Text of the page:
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Back to nine planets?

María Isabel Montero

María Isabel Montero

AERTEC / Head of PMO & MRO – Madrid Division


Some years ago, the American astronomer, Michael Brown, dispelled our belief that we are living in a solar system made up of nine planets when he refused to classify Pluto as a planet because of its “small size”. Following a vote taken amongst the world’s most distinguished astronomers, Pluto was classified as a “dwarf planet“. However now, a decade later, he believes that there is a genuine ninth planet in our solar system.

We now have the telescopes and technology required to be able to see it, but we didn’t know where to look until now.

After much research and observation carried out together with his colleague Konstantin Batygin, they have recently published an article in The Astronomical Journal stating that we could be facing the discovery of a ninth planet in our solar system.

It would be located at a much greater distance than Pluto (about twenty times further out), with an elliptical orbit that would be at a distance of approximately 600 AU (astronomic units) at its closest point to the Sun, and 1200 AU at its most distant point (Pluto is at 40 au). It is estimated that it would take 10,000 to 20,000 years for it to make a complete orbit of the Sun, and it would be composed of a gigantic frozen mass, 5000 times bigger than Pluto itself.

There have already been several theories about the discovery of new planets presented to the scientific community, and they have almost always been based on the presence of massive objects that would influence the orbit of certain other objects in space. Most of these theories have later been refuted.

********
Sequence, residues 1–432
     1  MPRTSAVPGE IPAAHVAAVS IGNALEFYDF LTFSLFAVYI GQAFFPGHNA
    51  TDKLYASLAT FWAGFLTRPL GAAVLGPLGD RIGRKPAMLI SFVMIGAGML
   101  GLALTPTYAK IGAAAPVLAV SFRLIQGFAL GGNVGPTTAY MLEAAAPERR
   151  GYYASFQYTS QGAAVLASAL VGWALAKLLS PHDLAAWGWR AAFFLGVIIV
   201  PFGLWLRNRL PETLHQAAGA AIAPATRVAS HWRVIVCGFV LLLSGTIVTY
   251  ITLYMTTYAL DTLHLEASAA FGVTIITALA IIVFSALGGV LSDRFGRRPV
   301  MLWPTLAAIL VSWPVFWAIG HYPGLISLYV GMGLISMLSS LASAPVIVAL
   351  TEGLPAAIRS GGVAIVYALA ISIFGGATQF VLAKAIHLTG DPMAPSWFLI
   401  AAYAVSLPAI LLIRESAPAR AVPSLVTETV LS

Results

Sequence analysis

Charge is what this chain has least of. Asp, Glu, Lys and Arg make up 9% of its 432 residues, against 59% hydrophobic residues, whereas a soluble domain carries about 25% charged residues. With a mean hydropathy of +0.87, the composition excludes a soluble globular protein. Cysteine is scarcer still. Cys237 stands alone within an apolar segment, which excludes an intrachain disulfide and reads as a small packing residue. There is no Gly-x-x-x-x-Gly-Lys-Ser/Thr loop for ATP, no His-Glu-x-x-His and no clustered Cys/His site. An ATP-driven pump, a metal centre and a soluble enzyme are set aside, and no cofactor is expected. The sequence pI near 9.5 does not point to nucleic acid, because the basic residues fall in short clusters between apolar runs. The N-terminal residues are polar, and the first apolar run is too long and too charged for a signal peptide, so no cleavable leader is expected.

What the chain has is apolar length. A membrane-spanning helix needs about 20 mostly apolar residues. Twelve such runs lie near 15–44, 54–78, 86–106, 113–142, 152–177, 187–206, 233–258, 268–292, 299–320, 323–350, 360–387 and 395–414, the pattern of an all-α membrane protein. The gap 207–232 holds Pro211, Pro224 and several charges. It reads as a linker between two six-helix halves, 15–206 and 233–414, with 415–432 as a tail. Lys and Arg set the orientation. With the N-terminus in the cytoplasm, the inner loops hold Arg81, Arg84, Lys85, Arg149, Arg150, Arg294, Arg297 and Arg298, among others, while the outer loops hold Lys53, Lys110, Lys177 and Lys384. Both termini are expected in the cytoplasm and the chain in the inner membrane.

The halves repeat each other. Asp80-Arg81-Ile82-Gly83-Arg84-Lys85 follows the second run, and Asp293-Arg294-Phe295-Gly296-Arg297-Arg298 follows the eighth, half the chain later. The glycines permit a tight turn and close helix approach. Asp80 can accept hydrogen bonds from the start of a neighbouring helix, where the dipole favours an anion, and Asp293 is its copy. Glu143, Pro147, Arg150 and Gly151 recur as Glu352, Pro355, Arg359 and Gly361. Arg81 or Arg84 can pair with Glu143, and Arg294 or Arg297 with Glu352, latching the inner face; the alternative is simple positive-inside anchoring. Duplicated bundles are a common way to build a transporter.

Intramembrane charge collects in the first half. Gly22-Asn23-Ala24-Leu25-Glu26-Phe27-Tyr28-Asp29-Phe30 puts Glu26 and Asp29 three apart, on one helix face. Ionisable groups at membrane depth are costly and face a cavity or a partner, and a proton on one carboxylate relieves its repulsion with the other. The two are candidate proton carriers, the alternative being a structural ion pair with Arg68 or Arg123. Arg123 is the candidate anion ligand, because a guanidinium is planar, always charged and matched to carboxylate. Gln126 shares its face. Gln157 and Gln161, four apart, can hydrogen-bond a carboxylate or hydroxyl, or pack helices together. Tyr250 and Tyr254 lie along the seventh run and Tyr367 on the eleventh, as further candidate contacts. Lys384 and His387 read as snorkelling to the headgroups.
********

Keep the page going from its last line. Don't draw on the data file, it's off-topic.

Despite the myriad of observations and mathematical calculations, nobody has actually seen the “ninth planet”, but we must remember the precedents of Neptune and Pluto, whose existence was predicted before they were seen for the first time. Although we now have the telescopes and technology required to be able to see it, according to Michael Brown “we didn’t know where to look” until now. Moreover, a planet that is so far away would reflect hardly any light from the Sun, which makes it very difficult to spot it – more so taking into account the fact that it seems to be located in an area of our galaxy where there is already a funnel of light.

For those who are curious or interested in finding out more about this research, the first results of the study are published in The Astronomical Journal. The research was initiated with the idea of refuting the hypothesis of another two scientists, Scott Sheppard and Chad Trujillo, who in 2014 pointed to the possibility of studying a part of the solar system until then unknown, where there could be massive objects that might fit within the current definition of planet. In view of his findings, Brown has had to confirm that we really could be facing a new discovery.

For now there is still a lot of research to be done and long hours of observation to be made before declaring the genuine discovery of this new planet, so for the moment it is entirely in our hands whether we believe that it truly exists or not.


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